Horse Owner Information
Do you have a horse diagnosed with EPM or has had EPM? Join us in our path to FDA licensing by talking to your veterinarian, fill out the owner information sheet, look at the study entrance requirements and sign up for our clinical trials. Your participation ensures that more treatments will enter the pipeline. Be sure and sign up for notification when we post a new blog. The blogs will keep you in touch with our new research.
The first step to returning health to a horse that has been treated multiple times with EPM drugs is to have your veterinarian test them. Submit the serum sample to us and we will get your results back to your veterinarian quickly. If you don't know which tests to select, contact us. We will consult with you and your veterinarian.
Equine protozoal myeloencephalitis is a rare disease! What does rare disease mean?
You maybe here because you are not a veterinarian and you are lost trying to understand our information, we hear that a lot. We get it, you are worried that your horse may have a life threatening disease. You may find our Journeyman's Guide to Pathogenes Blogs useful.
Let us say upfront that equine protozoal myeloencephalitis (EPM) and polyneuritis equi (PNE) are diseases that require knowledge and expertise that can’t be gleaned from the internet. Many lay suggestions on the web will ultimately make your horse unusable or unsalvageable.
Veterinary courses in biology, physiology, parasitology, clinical pathology, immunology and epidemiology are a foundation for understanding EPM and PNE. A veterinarian will seek advice from veterinary neurologists. Veterinary neurologists go to special meetings to discuss the newest ideas and research, veterinary neurologists are one link between bench scientists and the clinic.
If you suspect EPM or PNE your first stop is your veterinarian.
We can’t catch you up on the foundation needed for you to diagnose and treat these diseases on your own. If you call, we won’t discuss your case without your veterinarian—you will need to set up a 3-way call and we are happy to oblige. We require a medical record and a veterinarian that has a valid client-patient relationship. That is a law. Dispensing medical advice without a veterinary degree AND a client patient relationship is illegal. We will discuss your case with your veterinarian when we have a consulting agreement in place.
A horse owner often knows when their horse is under the weather, before neuromuscular disease is advanced. Our paper describing the Early Signs of Equine Protozoal Myeloencephalitis can help you recognize the earliest warning signs of disease. The paper is based on experimental infections.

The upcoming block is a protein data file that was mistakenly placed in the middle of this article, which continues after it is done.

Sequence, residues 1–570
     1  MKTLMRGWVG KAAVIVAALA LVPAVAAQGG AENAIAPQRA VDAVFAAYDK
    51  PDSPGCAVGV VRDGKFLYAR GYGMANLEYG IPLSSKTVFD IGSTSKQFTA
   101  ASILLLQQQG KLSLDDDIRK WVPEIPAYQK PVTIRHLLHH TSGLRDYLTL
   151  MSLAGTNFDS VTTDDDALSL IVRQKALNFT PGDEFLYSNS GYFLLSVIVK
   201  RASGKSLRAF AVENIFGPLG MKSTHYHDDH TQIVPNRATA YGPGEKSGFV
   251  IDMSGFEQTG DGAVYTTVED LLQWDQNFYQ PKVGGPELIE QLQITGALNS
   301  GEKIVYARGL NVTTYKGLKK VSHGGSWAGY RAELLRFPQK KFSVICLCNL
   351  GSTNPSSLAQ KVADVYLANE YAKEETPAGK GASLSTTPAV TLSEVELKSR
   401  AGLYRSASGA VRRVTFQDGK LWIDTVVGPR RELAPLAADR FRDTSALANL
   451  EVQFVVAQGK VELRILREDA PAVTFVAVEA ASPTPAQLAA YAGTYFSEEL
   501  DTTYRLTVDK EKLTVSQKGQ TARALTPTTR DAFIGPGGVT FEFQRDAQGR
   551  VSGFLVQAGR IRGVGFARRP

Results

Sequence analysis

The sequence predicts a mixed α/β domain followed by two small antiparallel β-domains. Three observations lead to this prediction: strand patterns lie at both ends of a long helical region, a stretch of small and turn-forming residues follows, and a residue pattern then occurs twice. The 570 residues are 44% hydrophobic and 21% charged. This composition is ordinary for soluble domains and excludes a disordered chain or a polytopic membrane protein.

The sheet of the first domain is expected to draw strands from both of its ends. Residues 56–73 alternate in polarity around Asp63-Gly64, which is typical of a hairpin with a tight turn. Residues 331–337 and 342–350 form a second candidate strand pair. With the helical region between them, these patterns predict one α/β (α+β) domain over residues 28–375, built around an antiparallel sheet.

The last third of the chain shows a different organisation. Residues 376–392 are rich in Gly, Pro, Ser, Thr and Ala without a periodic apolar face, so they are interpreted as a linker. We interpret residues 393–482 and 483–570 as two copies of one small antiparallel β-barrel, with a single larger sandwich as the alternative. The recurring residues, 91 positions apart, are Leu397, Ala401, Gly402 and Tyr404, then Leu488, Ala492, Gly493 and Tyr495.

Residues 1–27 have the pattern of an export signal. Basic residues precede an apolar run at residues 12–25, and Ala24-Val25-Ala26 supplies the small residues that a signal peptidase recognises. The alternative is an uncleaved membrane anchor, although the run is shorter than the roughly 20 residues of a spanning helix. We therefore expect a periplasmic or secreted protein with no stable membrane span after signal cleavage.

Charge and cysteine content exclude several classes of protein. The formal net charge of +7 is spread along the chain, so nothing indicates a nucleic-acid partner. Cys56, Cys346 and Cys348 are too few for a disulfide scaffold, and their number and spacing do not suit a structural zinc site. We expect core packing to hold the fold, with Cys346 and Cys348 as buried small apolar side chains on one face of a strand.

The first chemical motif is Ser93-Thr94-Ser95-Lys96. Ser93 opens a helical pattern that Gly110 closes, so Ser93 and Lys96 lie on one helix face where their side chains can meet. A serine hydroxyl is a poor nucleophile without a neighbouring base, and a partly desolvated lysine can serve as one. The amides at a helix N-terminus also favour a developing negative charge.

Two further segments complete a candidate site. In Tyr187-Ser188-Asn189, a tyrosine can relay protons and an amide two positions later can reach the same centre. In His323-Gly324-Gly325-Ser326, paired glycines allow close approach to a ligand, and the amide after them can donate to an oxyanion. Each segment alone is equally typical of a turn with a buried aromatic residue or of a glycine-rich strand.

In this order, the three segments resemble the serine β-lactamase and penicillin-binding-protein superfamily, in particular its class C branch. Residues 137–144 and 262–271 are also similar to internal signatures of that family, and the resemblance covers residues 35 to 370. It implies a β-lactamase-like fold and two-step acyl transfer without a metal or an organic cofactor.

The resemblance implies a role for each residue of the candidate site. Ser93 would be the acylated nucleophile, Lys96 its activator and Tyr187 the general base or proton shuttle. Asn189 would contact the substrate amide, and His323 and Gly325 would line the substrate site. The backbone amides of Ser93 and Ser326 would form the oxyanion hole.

Sometimes signs aren't so vague, the horse can be severely wobbly (ataxic) or even so bad that they are unable to get up. And at other times, the horse has been suffering with EPM so long that a dull, distracted demeanor is accepted as "normal".
A therapeutic plan should include multiple exams following treatment and serum analysis when appropriate.
The antibody analysis of serum is useful. The tests that are selected help the veterinarian understand the disease process and select an appropriate treatment plan.
We use surface proteins from the S. neurona parasite to test the sample taken from the horse. We report the the serotype, there are three different serotypes that can infect your horse, often all three will . There are some proteins that are “common” to all coccidia and some that are specific to one of three individual serotypes of S. neurona. Non-specific tests, (IFAT, SAG 2, 4/3), measure the common proteins found on all protozoa, we don't find those useful. The serotype of S. neurona is determined by detecting antibodies to SAG 1, 5, 6. The serotype is the level a horse can detect, genetic differences are left to the molecular biologists.
The S. fayeri test measures the amount of antitoxin found in serum. Antitoxin is the immune reaction to disease causing proteins produced by pathogenic S. fayeri which infect horses. Most horses have S. fayeri muscle cysts (EMS), only 6% of S. fayeri strains produce disease-causing toxins.
A common factor in diseases caused by S. neurona and S. fayeri, (disease caused by either of these organisms is called sarcocystosis), is inflammation. Inflammation is measured by a serum CRP test. Horses that respond to anti-protozoal treatment without a reduction in CRP values eventually relapse. CRP may be elevated due to infections other than Sarcocystis.
The Cliffs Notes for relapsing EPM are:
1-three conditions are associated with sarcocystosis: S. neurona, S. fayeri toxicosis, and polyneuritis; polyneuritis can be non-demyelinating or demyelinating;
2-the neurona-associated sarcocystosis group describes only 8% of chronic, relapsing/remitting disease;
3-autoimmune polyneuritis, horses with antibodies against the myelin P2 protein, a protein that covers nerves, is found in 43% of relapsing horses;
4-S. fayeri antitoxin is detected in 49% of horses with chronic neuromuscular disease;
5-the three conditions require different treatment.
A plan is needed to keep these horses healthy. The most crucial aspect of disease management is clinical exam by your veterinarian. The veterinarian has the most up to date treatment protocols. Testing the serum for CRP levels can let the veterinarian know if the inflammation is controlled.
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